NPR needs to do what it’s doing—which is keep it’s journalism at the absolute peak. And they need to have self-examination to make sure that their anchors, their story selection, or any other way that bias is creeping in, isn’t. Then they need to let the public speak for them. And the public has been speaking for them. They are a news organization; they shouldn’t be doing anything in regard to public funding or mixing journalism and politics. That was one of my strong themes to Vivian from the day she came on the job: get rid of the lobbying organization. Don’t ever allow yourself to be called up to the Hill to explain why you’re doing what you’re doing.

You often talk about the BBC as a benchmark. Why hasn’t the US been able to achieve what the Brits have in public media?

It hasn’t had a champion. The champion could be political or a lay-leader of some sort. Our federal funding in public radio hasn’t changed, in real dollars, since 1980. If you look at the budget for the BBC or the ABC in Australia, it dwarfs what we’re spending.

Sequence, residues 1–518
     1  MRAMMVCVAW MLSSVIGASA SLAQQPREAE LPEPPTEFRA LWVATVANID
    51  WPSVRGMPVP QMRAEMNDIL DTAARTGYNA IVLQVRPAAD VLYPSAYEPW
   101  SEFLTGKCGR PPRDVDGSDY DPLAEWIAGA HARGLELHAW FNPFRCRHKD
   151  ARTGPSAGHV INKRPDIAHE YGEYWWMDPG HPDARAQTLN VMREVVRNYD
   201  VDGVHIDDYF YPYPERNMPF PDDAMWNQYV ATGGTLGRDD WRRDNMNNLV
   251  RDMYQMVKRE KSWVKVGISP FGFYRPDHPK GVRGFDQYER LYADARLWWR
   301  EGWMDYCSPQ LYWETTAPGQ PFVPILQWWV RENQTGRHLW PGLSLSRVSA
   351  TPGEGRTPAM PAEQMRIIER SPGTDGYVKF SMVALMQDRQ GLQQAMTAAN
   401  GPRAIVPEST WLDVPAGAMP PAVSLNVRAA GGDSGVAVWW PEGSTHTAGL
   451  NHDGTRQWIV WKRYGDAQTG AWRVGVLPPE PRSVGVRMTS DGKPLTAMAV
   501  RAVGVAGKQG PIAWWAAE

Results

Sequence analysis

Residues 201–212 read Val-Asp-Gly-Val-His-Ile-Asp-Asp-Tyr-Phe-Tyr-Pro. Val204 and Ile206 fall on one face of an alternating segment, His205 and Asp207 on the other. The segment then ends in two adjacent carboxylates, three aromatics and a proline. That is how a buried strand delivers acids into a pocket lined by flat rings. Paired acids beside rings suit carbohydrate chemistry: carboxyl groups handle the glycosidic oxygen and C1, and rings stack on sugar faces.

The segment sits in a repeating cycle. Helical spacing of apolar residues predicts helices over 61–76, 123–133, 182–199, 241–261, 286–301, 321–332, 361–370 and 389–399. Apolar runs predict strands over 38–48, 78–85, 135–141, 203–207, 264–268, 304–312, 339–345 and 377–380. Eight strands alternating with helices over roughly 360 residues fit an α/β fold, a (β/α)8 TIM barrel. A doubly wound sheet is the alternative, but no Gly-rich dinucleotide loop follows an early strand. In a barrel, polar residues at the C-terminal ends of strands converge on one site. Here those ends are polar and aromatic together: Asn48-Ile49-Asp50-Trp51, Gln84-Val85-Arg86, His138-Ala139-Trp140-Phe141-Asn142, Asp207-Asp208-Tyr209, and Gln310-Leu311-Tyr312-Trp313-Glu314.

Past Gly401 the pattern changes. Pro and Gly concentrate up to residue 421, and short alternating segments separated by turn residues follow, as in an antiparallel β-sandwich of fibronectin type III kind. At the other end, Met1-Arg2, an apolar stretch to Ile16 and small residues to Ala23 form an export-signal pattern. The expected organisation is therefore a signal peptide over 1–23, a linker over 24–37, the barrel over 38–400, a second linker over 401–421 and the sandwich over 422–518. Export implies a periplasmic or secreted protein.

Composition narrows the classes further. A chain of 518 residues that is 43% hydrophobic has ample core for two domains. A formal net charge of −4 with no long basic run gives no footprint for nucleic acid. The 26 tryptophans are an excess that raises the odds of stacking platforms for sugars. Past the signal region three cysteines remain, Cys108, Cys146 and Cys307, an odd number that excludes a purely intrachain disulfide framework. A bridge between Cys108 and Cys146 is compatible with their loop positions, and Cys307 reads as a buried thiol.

The American State Department put an unknown —but I suspect significant—amount of money into the BBC to help it deal with social media in Libya and Egypt. We seem to be willing to fund getting out the message in the name of democracy throughout the world but we have forgotten to look at what that means in our own country. We have taken for granted that Democracy is a solid ethic of the American people. It won’t be if we don’t tend to it.

Joel Meares is a former CJR assistant editor.